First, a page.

HOME  |  NEWS  |  BLOGS  |  MESSAGES  |  FEATURES  |  VIDEOS  |  WEBINARS  |  INDUSTRIES  |  FOCUS ON FUNDAMENTALS
  |  REGISTER  |  LOGIN  |  HELP
Elizabeth M
User Rank
Blogger
Re: Still catching up to Mother Nature
Elizabeth M   5/8/2014 5:49:47 AM
NO RATINGS
Ah yes, I am an East Coaster (well, close enough, the Philadelphia area) who spent summers at the Jersey Shore, so I know all about clams and things related, like clam digs and clam bakes. Didn't know the creatures were so good at digging, though, until now. You learn something new every day!

Ann R. Thryft
User Rank
Blogger
Re: Still catching up to Mother Nature
Ann R. Thryft   5/7/2014 11:22:56 AM
NO RATINGS
Liz, when I first saw the headlines about a robotic clam, I thought "And it does what that we need to emulate??". Maybe that's because I'm a Californian and we don't do clam digs here like New Englanders. In any case, glad I followed it up and I'm still amazed at that 35/1 ratio of their digging ability. And yes, I remember your mussel-inspired adhesive. It was a breath of fresh air after all those gecko feet emulations I'd been reading about.

Elizabeth M
User Rank
Blogger
Re: Still catching up to Mother Nature
Elizabeth M   5/7/2014 5:49:07 AM
NO RATINGS
This is fascinating, Ann. As always, it's interesting to see where engineers and designers are getting their inspiration from in nature. It's often from an unlikely place (clams--who would've thunk it??), but always seems to be some capability that really adds value for a new application. This makes me think of an article I wrote about how the way mussels cling to rocks inspired MIT researchers to explore new adhesive materials: http://www.designnews.com/author.asp?section_id=1386&doc_id=266841

Ann R. Thryft
User Rank
Blogger
Re: Still catching up to Mother Nature
Ann R. Thryft   5/6/2014 11:34:25 AM
NO RATINGS
Interesting idea, Cabe. But I doubt it would be practical to adapt the technology to dry soils, since it's an underwater-based technique. The razor clam and the RoboClam infuse soil with large amounts of water to make it easier to dig through. Recreating those conditions on dry land would require huge amounts of water (like another practice I can think of), an ever-more precious and scarce resource. Digging through dry soil is just a tough job, and requires an expenditure of large amounts of resources.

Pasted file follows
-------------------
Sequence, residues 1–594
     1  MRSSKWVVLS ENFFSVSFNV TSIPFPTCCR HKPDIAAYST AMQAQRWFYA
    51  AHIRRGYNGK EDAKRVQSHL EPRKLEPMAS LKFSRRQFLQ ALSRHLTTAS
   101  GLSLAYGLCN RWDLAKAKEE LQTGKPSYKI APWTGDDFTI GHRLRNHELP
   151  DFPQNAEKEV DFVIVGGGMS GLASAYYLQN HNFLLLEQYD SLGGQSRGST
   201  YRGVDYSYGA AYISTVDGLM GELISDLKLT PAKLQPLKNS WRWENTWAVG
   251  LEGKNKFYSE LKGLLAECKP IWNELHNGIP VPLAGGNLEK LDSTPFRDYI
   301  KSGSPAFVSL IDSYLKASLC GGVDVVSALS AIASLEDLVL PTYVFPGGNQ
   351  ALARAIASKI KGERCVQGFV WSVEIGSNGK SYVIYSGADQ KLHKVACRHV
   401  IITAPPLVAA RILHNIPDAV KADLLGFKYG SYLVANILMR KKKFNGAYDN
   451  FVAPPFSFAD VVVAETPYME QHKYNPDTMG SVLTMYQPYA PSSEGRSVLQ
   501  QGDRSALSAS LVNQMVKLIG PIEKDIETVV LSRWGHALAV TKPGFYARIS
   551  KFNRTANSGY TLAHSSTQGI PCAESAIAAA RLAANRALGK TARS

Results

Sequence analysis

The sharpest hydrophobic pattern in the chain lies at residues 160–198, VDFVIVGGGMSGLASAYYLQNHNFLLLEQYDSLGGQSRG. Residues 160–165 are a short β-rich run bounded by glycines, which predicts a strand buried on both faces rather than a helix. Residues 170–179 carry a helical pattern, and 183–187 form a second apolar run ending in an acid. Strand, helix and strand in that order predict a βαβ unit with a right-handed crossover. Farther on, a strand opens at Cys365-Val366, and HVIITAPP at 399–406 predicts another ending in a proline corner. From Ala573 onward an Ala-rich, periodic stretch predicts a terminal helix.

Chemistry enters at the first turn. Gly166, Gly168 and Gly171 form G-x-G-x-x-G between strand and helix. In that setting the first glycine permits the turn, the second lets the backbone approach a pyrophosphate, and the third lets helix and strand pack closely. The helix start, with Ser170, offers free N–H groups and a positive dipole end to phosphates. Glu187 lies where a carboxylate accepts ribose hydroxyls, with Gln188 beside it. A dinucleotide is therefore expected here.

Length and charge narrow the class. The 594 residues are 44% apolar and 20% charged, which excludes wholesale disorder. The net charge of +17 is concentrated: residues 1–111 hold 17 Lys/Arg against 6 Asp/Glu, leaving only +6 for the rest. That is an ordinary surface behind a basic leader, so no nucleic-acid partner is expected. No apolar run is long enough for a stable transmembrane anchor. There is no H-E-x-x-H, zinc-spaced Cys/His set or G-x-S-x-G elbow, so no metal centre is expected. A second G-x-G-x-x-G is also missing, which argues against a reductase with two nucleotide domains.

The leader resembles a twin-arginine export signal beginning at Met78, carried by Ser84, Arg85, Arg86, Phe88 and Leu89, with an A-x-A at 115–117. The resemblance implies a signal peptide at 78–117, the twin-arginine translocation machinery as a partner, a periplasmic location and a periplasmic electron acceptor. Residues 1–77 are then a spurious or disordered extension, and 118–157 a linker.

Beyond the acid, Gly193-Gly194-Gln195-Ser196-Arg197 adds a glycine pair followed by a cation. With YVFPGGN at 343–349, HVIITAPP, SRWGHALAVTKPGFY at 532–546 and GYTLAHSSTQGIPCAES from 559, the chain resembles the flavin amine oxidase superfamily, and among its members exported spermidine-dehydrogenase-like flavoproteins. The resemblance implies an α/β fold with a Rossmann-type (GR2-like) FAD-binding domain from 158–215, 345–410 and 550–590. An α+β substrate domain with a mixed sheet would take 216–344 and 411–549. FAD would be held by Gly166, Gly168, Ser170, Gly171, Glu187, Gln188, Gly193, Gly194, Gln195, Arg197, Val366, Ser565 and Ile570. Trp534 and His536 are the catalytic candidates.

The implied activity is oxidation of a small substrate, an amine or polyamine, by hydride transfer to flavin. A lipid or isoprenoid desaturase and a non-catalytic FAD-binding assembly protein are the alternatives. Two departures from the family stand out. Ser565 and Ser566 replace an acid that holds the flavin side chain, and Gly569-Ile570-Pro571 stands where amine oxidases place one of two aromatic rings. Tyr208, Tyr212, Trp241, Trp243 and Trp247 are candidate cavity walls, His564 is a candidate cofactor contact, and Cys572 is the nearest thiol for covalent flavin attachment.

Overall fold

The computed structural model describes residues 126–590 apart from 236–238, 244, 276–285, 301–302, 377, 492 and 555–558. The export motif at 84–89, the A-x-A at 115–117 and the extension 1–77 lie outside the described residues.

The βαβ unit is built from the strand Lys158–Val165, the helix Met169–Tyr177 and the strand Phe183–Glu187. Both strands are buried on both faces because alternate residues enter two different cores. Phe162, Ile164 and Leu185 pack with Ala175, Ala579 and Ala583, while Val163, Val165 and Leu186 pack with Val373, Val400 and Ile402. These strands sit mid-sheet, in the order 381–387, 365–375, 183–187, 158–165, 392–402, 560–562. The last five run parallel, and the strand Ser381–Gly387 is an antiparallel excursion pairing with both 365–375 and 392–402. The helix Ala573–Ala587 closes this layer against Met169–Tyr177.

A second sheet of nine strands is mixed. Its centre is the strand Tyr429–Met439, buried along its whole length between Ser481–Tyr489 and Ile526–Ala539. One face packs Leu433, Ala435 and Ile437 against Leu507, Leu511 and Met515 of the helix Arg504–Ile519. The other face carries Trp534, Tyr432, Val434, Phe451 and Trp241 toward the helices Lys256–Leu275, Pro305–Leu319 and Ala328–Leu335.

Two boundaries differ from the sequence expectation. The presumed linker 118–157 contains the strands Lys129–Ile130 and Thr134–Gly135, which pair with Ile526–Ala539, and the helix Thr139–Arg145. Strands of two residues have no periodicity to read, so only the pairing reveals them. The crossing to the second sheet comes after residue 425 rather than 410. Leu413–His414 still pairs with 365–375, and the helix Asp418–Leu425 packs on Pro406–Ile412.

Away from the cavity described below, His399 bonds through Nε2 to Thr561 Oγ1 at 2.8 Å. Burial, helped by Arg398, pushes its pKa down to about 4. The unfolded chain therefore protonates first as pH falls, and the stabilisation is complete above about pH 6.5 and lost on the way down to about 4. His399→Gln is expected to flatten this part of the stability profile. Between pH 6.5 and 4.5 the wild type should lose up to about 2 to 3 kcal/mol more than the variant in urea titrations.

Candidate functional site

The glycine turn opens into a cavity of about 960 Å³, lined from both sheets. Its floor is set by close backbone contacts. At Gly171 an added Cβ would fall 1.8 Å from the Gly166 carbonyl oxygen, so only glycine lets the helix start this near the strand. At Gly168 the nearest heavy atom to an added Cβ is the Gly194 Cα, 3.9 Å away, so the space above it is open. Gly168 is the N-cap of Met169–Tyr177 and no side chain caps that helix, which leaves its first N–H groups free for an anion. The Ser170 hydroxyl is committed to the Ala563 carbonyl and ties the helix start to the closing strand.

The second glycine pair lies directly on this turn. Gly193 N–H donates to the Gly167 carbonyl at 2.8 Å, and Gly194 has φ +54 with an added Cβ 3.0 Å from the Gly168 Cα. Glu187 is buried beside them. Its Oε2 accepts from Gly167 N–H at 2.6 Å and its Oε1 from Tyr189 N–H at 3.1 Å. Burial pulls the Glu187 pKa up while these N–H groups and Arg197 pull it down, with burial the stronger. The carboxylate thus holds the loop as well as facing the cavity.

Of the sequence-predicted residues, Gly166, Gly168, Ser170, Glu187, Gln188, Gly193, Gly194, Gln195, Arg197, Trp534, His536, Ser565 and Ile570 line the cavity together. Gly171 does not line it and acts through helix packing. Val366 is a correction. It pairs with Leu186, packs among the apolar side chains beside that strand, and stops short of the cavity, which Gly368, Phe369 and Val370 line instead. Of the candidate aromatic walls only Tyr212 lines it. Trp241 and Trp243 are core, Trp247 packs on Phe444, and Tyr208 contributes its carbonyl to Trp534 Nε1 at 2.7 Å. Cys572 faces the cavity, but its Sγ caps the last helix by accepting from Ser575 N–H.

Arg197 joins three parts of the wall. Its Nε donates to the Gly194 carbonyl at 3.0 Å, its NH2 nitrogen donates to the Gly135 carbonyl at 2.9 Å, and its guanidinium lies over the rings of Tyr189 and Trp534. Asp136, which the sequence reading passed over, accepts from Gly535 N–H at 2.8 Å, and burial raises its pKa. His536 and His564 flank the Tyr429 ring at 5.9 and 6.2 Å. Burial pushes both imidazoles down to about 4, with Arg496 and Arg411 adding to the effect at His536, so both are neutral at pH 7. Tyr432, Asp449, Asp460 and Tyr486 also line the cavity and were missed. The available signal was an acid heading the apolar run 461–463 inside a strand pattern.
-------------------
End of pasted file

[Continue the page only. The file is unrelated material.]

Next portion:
Cabe Atwell
User Rank
Blogger
Re: Still catching up to Mother Nature
Cabe Atwell   5/5/2014 11:24:05 PM
NO RATINGS
It begs the question of using larger versions for on-land farming or for use in quarries. 

Ann R. Thryft
User Rank
Blogger
Still catching up to Mother Nature
Ann R. Thryft   5/5/2014 12:03:07 PM
NO RATINGS
If I hadn't read the research team's paper, I would never have guessed how powerful a razor clam's digging mechanisms are (35x what it should be for its size, shape and strength). We're still imitating Mother Nature and not always surpassing her.





Partner Zone
Latest Analysis
Thanksgiving is a time for family. A time for togetherness. A time for… tech?
The promise of the Internet of Things (IoT) is that devices, gadgets, and appliances we use every day will be able to communicate with one another. This potential is not limited to household items or smartphones, but also things we find in our yard and garden, as evidenced by a recent challenge from the element14 design community.
Researchers have developed a new flexible fabric that integrates both movement and sensors, introducing new potential for technology-embedded clothing and soft robots.
Made by Monkeys highlights products that somehow slipped by the QC cops.
If you didn't realize that PowerPoint presentations are inherently hilarious, you have to see Don McMillan take one apart. McMillan -- aka the Technically Funny Comic -- worked for 10 years as an engineer before he switched to stand-up comedy.
More:Blogs|News
Design News Webinar Series
11/19/2014 11:00 a.m. California / 2:00 p.m. New York
11/6/2014 11:00 a.m. California / 2:00 p.m. New York
10/7/2014 8:00 a.m. California / 11:00 a.m. New York
12/11/2014 8:00 a.m. California / 11:00 a.m. New York
Quick Poll
The Continuing Education Center offers engineers an entirely new way to get the education they need to formulate next-generation solutions.
Dec 1 - 5, An Introduction to Embedded Software Architecture and Design
SEMESTERS: 1  |  2  |  3  |  4  |  5  |  6


Focus on Fundamentals consists of 45-minute on-line classes that cover a host of technologies. You learn without leaving the comfort of your desk. All classes are taught by subject-matter experts and all are archived. So if you can't attend live, attend at your convenience.
Last Archived Class
Sponsored by Littelfuse
Learn More   |   Login   |   Archived Classes
Twitter Feed
Design News Twitter Feed
Like Us on Facebook

Sponsored Content

Technology Marketplace

Copyright © 2014 UBM Canon, A UBM company, All rights reserved. Privacy Policy | Terms of Service